A weather eye on Music in the Gardens

Fans enjoying the Music in the Gardens

Fans enjoying the Music in the Gardens

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The weather can’t be worse than last year … can it?

A deluge meant the headlining 10cc concert in the Botanical Gardens last July was touch and go, while rain during the rest of the week hit attendances on the three other nights (although it was mainly dry during performances).

But Music in the Gardens went ahead thanks to a huge effort from the Rotary Clubs of South Yorkshire, who brought in an army of volunteers and laid tarpaulins and bales of hay on the grass courtesy of Bradfield dairy Our Cow Molly.

Working overnight, the volunteers ensured that the ground did not become too muddy. Many events that week were called off because of the heavy rain. It helped that the Botanical Gardens audience could use concrete paths, and there was no grass car park.

Next week sees the eighth series, with award-winning folk band Bellowhead (led by Sheffield-based singer and fiddle player Jon Boden) taking the limelight next Thursday.

Kicking off next Wednesday will be Bruce Foxton’s band, From The Jam.

Friday features a ‘salsa spectacular’ with Omar Puente’ and the series ends in traditional style with flag waving and fireworks as Sheffield Philharmonic Orchestra, Dodworth Colliery Band take to the temporary stage.

The four nights are a big fundraiser for local charities.

Because only £10,000 was raised last year, compared with £57,000 in 2012, last year’s charities will also be receiving a share of this year’s proceeds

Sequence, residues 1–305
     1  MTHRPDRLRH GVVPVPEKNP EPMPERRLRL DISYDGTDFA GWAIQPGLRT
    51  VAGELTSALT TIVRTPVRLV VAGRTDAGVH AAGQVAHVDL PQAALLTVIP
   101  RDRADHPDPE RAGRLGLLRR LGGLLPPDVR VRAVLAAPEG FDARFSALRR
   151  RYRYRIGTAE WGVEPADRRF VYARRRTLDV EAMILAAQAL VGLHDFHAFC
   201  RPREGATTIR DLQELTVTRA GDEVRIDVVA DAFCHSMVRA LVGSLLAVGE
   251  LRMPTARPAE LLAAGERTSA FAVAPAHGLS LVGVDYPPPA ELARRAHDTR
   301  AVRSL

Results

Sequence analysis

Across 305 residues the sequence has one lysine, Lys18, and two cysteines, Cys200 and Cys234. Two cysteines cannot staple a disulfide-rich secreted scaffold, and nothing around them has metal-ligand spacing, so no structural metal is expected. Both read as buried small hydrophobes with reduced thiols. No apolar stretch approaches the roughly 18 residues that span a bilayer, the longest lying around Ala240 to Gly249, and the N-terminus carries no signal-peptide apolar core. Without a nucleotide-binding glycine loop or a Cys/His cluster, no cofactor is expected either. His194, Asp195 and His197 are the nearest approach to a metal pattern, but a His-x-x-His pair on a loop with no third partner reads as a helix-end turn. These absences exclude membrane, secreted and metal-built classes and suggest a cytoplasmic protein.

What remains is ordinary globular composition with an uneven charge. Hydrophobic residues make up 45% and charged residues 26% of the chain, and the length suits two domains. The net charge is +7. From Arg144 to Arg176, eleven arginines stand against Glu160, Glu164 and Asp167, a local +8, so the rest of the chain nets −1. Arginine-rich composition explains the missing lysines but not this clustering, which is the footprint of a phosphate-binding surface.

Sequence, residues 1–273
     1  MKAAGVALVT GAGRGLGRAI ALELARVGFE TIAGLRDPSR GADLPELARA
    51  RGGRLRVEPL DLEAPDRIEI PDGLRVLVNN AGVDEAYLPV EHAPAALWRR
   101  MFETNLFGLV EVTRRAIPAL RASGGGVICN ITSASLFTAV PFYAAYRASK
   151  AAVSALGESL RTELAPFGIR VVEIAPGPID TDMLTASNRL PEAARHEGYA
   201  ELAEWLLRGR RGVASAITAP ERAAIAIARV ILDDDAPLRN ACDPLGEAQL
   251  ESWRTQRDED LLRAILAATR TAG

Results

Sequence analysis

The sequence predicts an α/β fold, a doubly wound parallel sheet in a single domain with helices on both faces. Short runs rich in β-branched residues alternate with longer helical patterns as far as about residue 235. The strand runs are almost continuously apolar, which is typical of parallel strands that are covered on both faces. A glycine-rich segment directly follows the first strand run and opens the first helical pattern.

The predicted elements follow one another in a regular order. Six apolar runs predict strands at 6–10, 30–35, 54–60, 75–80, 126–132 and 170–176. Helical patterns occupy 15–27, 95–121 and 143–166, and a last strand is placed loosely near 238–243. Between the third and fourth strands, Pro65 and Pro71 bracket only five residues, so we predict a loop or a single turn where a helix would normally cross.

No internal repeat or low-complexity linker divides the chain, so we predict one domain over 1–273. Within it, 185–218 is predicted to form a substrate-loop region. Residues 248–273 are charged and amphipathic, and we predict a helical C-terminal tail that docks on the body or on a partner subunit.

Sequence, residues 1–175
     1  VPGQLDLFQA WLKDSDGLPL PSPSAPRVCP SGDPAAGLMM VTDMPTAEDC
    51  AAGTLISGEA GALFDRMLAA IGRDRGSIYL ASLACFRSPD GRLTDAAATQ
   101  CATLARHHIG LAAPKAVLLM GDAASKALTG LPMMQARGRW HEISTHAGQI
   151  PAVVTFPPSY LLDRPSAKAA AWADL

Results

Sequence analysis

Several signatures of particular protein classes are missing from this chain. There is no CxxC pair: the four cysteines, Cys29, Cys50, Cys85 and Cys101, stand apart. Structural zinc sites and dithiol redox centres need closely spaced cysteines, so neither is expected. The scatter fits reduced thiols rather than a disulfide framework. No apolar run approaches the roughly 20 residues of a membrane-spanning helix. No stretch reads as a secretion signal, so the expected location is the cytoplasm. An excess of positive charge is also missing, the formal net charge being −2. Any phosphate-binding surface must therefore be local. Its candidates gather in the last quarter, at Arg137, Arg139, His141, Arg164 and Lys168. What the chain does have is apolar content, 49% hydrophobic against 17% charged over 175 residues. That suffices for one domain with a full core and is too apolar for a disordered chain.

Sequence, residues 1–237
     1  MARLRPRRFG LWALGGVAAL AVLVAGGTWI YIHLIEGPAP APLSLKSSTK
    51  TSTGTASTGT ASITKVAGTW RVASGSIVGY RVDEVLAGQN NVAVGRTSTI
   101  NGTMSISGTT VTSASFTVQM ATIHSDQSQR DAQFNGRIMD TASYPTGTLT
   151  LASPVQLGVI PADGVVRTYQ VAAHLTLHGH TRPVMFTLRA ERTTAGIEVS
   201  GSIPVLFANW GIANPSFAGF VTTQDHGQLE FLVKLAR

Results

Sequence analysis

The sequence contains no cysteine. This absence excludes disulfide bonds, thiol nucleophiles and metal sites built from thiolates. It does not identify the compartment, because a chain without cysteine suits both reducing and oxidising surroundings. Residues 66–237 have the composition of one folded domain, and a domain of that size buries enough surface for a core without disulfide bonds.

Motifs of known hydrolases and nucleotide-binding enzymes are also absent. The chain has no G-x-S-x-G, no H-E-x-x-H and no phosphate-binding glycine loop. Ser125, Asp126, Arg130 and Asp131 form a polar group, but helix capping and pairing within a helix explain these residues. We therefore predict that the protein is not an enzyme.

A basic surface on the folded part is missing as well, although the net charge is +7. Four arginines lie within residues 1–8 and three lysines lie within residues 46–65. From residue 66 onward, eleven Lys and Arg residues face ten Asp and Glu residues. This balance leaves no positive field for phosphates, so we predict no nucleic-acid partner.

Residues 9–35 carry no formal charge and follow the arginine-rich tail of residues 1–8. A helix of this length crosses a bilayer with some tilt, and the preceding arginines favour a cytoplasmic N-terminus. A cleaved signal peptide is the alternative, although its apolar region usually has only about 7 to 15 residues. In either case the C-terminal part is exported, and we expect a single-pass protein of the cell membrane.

It’s to try to ensure that Safe@Last, Sheffield Royal Society for the Blind, Sheffield Young Carers, Barnado’s Rotherham Young Carers and Breast Cancer Care do not miss out.

“The weather wasn’t their fault, and we felt it was unfair on them,” said event organiser Carly Whitfield.

Added to the list of beneficiaries this time are Yorkshire Air Ambulance, the Cathedral Archer Project and, a churches’ soup waggon. Music in the Gardens is designed to appeal to everyone, said Carly.

“When it started eight years ago it was a weekend jazz festival, two nights with local bands. Then it expanded to four days and we tried to get different genres of music to appeal to more people. We were trying to be a bit more adventurous.” So it’s fingers crossed for the weather. “We like to think it doesn’t put people off. People still came last year when it was awful weather. But we are much more likely to get people turning up and bringing their picnics if the sun is shining.” More than £100,000 has been raised for charity over the seven years.